I’m not always the mother I want to be.
I become impatient with my son’s normal toddler behaviors. I react out of frustration, rather than responding with compassion. I’m sometimes overwhelmed by his big emotions. I can’t always be the calm in the eye of his storms, or provide the grounding presence that he needs.
Life used to be predictable, my efforts leading to their intended results. I used to thrive based on my accomplishments. I expected perfection from myself, fully accepting the illusion that achieving it was possible.
But Life brings us what we need, presents us with circumstances that allow us to grow into the people we’re meant to become. I won’t claim to understand the infinite reasons this little person was brought into my life, but, clearly, I’m supposed to be learning to be more comfortable with imperfection. It seems that Life believes that I will benefit from a continual lesson in accepting my own shortcomings.
And yet, this indescribable love I feel for my son often renders me powerless against the specter of perfection. The stakes seem so high, and I want more than anything to provide the very best for him. My previous life’s endeavors seem inconsequential compared to being his mother. Never before have I wanted so deeply to achieve perfection, and never before has it been so impossibly out of reach.
Because, let’s face it, parenting isn’t exactly conducive to being your best self. The constant fog of sleep deprivation. The near impossibility of meeting your own needs, even with the best of support. The ease with which you can forget that you even have needs, needs separate from those of the little person whose life has, in some ways, become your own. Not to mention that if you have any leftover emotions from your own childhood, they will most certainly resurface when you become the parent.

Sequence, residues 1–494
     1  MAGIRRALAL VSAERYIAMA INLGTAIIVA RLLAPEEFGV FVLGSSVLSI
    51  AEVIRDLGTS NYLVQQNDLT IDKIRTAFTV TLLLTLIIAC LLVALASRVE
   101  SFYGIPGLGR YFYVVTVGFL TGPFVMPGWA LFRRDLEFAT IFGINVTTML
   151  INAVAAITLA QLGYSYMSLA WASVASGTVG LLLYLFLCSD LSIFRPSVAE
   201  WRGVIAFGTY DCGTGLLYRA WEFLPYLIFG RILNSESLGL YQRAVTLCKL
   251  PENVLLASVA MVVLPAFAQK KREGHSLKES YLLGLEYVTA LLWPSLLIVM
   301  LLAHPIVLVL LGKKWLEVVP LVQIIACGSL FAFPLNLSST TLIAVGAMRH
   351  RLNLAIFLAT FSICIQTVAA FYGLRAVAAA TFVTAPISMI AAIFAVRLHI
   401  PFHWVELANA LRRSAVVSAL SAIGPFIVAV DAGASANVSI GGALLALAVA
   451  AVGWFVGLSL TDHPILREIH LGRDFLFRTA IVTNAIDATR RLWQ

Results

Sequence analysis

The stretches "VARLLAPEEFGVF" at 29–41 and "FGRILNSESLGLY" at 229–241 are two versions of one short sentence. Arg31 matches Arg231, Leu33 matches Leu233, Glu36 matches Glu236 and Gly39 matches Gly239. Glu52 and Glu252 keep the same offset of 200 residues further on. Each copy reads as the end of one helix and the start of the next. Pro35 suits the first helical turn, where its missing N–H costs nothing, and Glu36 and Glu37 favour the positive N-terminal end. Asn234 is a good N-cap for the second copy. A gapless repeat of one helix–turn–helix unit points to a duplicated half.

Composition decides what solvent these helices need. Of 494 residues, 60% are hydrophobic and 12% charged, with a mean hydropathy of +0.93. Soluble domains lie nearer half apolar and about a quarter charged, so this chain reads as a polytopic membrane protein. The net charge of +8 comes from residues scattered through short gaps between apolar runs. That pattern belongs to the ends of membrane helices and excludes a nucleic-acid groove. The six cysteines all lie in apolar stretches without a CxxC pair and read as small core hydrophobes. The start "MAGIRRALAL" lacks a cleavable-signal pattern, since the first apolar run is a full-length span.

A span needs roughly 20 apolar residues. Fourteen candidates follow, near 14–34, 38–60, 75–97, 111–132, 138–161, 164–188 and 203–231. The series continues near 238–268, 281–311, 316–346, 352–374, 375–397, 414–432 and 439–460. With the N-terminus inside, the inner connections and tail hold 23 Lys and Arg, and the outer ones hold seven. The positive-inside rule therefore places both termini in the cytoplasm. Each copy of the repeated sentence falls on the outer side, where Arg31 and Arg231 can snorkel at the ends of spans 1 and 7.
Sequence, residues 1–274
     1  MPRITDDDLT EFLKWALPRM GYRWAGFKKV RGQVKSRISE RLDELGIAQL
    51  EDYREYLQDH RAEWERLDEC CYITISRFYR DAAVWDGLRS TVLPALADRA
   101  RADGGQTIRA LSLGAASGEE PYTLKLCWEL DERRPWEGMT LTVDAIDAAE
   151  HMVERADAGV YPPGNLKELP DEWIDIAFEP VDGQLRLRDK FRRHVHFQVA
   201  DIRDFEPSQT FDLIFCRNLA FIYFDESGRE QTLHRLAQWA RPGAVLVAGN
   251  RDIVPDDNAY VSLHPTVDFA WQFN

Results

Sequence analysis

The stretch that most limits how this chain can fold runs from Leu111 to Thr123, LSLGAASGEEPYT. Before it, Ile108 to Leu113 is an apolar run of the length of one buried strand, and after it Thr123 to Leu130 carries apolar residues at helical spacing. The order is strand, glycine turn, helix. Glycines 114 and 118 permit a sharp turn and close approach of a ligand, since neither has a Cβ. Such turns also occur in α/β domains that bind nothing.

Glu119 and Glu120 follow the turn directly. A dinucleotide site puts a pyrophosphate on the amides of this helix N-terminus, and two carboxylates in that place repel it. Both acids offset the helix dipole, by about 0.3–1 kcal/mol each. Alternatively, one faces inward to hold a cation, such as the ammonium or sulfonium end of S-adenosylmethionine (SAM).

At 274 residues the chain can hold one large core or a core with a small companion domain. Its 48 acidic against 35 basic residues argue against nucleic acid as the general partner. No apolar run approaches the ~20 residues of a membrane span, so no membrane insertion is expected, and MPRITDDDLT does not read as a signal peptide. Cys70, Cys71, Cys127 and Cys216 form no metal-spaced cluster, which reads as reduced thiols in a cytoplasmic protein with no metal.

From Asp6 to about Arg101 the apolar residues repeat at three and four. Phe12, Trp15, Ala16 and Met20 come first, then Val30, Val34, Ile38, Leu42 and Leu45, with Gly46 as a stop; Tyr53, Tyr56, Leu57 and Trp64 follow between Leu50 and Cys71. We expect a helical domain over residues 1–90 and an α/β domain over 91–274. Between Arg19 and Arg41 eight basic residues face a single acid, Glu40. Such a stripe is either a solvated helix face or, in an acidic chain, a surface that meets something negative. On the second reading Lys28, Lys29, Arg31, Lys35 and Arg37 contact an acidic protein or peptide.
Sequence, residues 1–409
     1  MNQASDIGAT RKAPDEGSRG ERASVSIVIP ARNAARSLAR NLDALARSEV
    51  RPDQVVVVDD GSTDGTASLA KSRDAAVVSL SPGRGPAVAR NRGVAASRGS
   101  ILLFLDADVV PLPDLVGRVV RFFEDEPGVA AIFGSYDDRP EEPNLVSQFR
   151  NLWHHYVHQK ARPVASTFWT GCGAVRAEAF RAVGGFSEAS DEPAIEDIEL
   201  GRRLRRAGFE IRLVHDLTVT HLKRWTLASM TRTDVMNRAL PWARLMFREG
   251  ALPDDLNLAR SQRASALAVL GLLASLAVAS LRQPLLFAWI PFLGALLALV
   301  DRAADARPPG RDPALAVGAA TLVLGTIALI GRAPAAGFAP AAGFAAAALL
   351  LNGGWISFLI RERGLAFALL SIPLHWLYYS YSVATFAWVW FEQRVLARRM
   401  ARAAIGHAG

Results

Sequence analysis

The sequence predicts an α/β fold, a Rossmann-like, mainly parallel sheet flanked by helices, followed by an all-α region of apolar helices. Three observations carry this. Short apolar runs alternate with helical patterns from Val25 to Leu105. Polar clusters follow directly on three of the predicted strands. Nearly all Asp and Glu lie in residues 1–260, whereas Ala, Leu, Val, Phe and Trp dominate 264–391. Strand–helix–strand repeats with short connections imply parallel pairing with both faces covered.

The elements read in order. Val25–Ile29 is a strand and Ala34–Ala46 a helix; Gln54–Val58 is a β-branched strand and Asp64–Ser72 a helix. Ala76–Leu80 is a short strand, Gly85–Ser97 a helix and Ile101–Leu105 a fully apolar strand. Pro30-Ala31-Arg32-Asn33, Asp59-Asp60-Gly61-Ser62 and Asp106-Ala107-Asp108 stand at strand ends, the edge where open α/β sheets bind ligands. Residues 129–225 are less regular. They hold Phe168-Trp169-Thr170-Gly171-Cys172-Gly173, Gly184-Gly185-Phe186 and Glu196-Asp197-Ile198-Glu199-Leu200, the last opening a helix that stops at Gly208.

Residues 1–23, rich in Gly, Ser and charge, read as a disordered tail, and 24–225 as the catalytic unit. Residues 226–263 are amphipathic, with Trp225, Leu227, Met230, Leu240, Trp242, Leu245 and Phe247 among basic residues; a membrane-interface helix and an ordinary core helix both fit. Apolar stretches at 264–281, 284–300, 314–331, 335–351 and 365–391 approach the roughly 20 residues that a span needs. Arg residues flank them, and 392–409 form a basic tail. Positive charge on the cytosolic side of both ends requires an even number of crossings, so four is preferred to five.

Perhaps it’s our indescribable love for our children, a love that can feel crushingly weighty, that leads us to impose upon ourselves this pressure to accomplish the impossible. Or maybe this drive for parenting perfection is the fault of our culture’s unrealistic imagining of motherhood, a sugar-coated version of reality in which complete self-sacrifice never leads to resentment.
In any event, the truth is, our children don’t need us to be perfect. They simply need us to be “good enough.” To be real human beings, complete with faults. To continue showing up, not letting our perceived failures get the best of us. To take care of ourselves, so that we can better take care of them.
Yes, they also need us to calmly hold space for their sometimes overwhelmingly big emotions. And, yes, they need us to be patient when they’re struggling, to respond with empathy and compassion, even when we, ourselves, are feeling bewildered. Thankfully, though, they don’t need us to be this idealistic version of ourselves at all moments.
Even knowing this, I’m often overcome with guilt and regret when I don’t live up to my self-imposed ideal. And then what my son needs—what we both need—is for me to have some compassion for myself, too, to forgive myself for not always being the mother that I want to be. To accept that “good enough” is . . . well, enough.
Though it seems paradoxical, forgiving ourselves for our parenting transgressions allows us to become better parents. Self-forgiveness is not a license to treat our children poorly, and having compassion for ourselves in our difficult moments does not excuse our behavior. But when guilt prevents us from acknowledging our less-than-ideal parenting moments, we are certain to repeat them. Our lack of self-compassion spills over into our relationships with our children.
As I endlessly repeat to myself in moments of overwhelm, “Gentle with myself, gentle with my little one.”
Our mistakes, too, are valuable learning opportunities for our children, who are, for better or worse, eternally modeling our behavior and reflecting it back to us. No doubt they learn that they’re worthy, lovable beings in part based upon how we treat them. But they also learn this, or don’t, from observing how we treat ourselves. When we model self-compassion and self-forgiveness, they learn that they’re worthy despite their mistakes, lovable even in their difficult moments.
And when we acknowledge our mistakes, and ask for their forgiveness, our children learn that they deserve our respect. They learn that ruptured relationships can be repaired. And they learn that love isn’t contingent on perfection, that they, too, are “good enough.”